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Hemi Hideout “Car Cathedral” open house

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Recently we were invited to travel to the tiny town of Pattison, Texas, about 40 miles west of Houston for an open house at the Hemi Hideout, a striking cathedral-style building that is home to a fine collection of vintage Mopar Muscle and neon signs. Lots of neon signs.

The Hemi Hideout is the creation of John Hovas, the founder of HDH Instruments in nearby Brookshire. Hovas has been in love with Dodge muscle cars since his father brought home a 1969 Dodge Coronet Super Bee. Over the years, his tastes have expanded to include Plymouths and he now has a stunning assortment of fully restored Chrysler classics from the mid-1960s to the early 1970s as well as a fine Hemi-powered 1937 Plymouth Business Coupe hot rod that Hovas says can crank out 1,000 horsepower.

Just to balance things a bit, there’s also a 1937 Plymouth pickup and a 1947 Dodge Power Wagon and some antiques tractors.

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With the business allowing him to satisfy his passion, Hovas and his wife, Diane, began traveling to auctions around the country, buying fully restored Challengers,’Cudas, Road Runners and Chargers. There’s even a Duster in the collection.

Hovas’ vision of a structure to house his collection began taking shape early in 2011. Groundbreaking was in June 2011 and construction was completed last summer.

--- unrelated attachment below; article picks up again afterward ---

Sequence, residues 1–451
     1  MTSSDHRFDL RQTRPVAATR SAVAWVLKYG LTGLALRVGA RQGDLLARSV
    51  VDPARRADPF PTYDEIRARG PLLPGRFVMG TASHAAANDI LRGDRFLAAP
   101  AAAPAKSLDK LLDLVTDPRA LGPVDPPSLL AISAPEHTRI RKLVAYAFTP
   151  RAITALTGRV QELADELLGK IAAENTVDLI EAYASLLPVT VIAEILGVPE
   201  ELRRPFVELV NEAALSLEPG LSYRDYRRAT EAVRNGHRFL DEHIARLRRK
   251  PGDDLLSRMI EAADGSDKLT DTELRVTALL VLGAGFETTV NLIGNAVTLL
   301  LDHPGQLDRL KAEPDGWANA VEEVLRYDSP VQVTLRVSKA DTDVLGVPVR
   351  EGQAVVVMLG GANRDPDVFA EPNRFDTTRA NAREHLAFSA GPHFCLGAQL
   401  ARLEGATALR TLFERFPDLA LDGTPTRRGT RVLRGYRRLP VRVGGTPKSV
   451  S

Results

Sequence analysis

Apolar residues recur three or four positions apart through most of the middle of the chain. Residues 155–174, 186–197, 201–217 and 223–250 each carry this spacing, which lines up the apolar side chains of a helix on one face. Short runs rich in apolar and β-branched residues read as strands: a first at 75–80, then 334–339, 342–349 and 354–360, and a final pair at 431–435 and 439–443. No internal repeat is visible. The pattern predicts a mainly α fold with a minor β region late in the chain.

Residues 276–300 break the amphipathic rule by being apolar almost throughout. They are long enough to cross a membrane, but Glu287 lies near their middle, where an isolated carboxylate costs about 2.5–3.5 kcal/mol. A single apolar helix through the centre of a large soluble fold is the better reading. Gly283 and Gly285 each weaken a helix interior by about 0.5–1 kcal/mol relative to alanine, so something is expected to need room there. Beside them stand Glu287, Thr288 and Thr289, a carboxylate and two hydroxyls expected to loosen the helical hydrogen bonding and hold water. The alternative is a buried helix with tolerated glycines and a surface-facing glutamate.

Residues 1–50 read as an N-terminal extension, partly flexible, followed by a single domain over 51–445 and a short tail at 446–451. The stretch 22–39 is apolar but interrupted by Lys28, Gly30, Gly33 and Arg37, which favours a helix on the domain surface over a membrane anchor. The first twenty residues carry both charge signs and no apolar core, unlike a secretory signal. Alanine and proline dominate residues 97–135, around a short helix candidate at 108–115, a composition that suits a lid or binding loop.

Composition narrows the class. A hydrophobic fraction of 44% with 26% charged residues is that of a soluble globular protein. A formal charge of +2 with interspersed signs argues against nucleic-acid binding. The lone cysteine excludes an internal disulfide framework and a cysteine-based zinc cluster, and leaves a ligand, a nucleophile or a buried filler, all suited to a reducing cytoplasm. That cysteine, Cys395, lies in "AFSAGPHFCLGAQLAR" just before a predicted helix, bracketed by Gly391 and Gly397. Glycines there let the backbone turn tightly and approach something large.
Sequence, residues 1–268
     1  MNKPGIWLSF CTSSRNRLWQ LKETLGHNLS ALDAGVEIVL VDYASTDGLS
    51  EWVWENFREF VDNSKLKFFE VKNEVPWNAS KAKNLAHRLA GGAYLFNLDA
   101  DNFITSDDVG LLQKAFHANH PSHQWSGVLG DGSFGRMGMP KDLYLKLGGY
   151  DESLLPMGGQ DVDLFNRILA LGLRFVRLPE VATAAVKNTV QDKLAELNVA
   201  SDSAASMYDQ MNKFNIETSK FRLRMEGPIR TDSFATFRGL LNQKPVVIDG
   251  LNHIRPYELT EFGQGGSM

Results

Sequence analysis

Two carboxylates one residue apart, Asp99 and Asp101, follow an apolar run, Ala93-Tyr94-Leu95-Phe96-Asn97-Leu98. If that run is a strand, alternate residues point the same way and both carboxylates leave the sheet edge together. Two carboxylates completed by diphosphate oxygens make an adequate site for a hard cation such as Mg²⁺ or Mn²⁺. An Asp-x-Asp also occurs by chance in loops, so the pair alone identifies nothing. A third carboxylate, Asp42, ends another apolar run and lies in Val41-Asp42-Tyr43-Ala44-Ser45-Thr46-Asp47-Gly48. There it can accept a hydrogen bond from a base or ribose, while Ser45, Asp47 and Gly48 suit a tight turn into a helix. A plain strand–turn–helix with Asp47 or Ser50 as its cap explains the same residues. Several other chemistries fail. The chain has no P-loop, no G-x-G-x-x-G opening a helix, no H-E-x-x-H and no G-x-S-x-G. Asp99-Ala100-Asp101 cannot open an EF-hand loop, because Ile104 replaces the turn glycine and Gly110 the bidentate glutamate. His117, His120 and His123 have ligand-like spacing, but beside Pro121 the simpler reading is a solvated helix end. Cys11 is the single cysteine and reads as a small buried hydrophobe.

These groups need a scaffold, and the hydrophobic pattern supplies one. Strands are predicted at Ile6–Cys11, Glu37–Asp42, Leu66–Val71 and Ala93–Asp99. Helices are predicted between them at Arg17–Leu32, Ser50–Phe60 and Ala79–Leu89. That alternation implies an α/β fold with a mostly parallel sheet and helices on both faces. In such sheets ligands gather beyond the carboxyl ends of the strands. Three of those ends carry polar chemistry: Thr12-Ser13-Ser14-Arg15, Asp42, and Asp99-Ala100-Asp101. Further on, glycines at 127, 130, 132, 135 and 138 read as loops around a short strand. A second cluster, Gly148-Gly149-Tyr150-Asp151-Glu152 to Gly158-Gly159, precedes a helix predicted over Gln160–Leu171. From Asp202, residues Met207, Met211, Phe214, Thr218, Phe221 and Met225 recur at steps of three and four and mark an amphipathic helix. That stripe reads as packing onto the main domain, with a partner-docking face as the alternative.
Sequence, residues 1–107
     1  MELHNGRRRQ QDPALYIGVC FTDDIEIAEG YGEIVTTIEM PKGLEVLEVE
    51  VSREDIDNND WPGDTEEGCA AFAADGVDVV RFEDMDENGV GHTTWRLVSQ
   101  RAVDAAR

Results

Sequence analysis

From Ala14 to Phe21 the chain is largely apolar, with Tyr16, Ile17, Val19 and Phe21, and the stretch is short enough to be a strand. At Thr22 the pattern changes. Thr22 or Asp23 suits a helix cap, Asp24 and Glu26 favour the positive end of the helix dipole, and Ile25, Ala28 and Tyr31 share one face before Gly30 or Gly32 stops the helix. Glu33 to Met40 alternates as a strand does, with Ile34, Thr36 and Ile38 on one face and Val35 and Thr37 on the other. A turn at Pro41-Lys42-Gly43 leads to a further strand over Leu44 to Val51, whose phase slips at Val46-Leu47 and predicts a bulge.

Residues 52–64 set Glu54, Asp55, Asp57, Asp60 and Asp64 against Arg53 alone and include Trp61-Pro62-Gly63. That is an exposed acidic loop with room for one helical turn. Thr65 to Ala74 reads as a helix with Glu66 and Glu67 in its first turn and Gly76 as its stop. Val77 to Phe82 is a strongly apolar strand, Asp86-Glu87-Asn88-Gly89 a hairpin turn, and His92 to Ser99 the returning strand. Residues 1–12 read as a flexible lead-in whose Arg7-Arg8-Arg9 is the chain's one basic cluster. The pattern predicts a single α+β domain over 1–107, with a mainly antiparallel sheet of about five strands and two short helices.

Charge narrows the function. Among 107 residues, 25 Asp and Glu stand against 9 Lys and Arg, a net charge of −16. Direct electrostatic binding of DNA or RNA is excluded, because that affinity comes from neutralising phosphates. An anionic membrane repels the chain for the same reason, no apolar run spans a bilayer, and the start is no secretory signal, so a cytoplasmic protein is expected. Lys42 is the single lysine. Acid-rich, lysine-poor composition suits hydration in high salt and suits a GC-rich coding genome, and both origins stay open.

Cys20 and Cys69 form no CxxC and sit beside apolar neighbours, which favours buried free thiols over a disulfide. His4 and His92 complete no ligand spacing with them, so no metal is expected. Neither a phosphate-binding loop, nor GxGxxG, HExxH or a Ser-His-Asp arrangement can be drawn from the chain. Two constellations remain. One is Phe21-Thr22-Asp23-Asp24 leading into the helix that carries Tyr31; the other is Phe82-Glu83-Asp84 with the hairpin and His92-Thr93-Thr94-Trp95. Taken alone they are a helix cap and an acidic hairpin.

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At 20,000 square feet and reaching 53 feet high, the Hemi Hideout is one of the largest, if not the largest, timber-framed structure in Texas. It’s built with mortise and tenon construction instead of nails, like the classic cathedrals in Europe.

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47-PowerWagon-WebIn addition to the cars, the interior is decorated with a literally dazzling array of neon signs, including an 18-foot-tall western-themed sign that occupies most of one of the end walls.

As much as I hate the phrase, the Hemi Hideout may well be one of the world’s ultimate man caves. In addition to the cars and signs, there is a beautiful lounge area with a huge 14 by 26-foot fireplace more suited for colder climes than Southeast Texas. There’s also a ’50s-style diner and ice cream parlor. Outside is the barbecue area required by state law and a skeet shooting range.

Hovas’ enthusiasm for classic muscle and the Hemi Hideout is infectious: he enjoys talking about driving the cars he collects and the history behind them.

Hovas says the Hemi Hideout will be open from time to time and will be available for special occasions.

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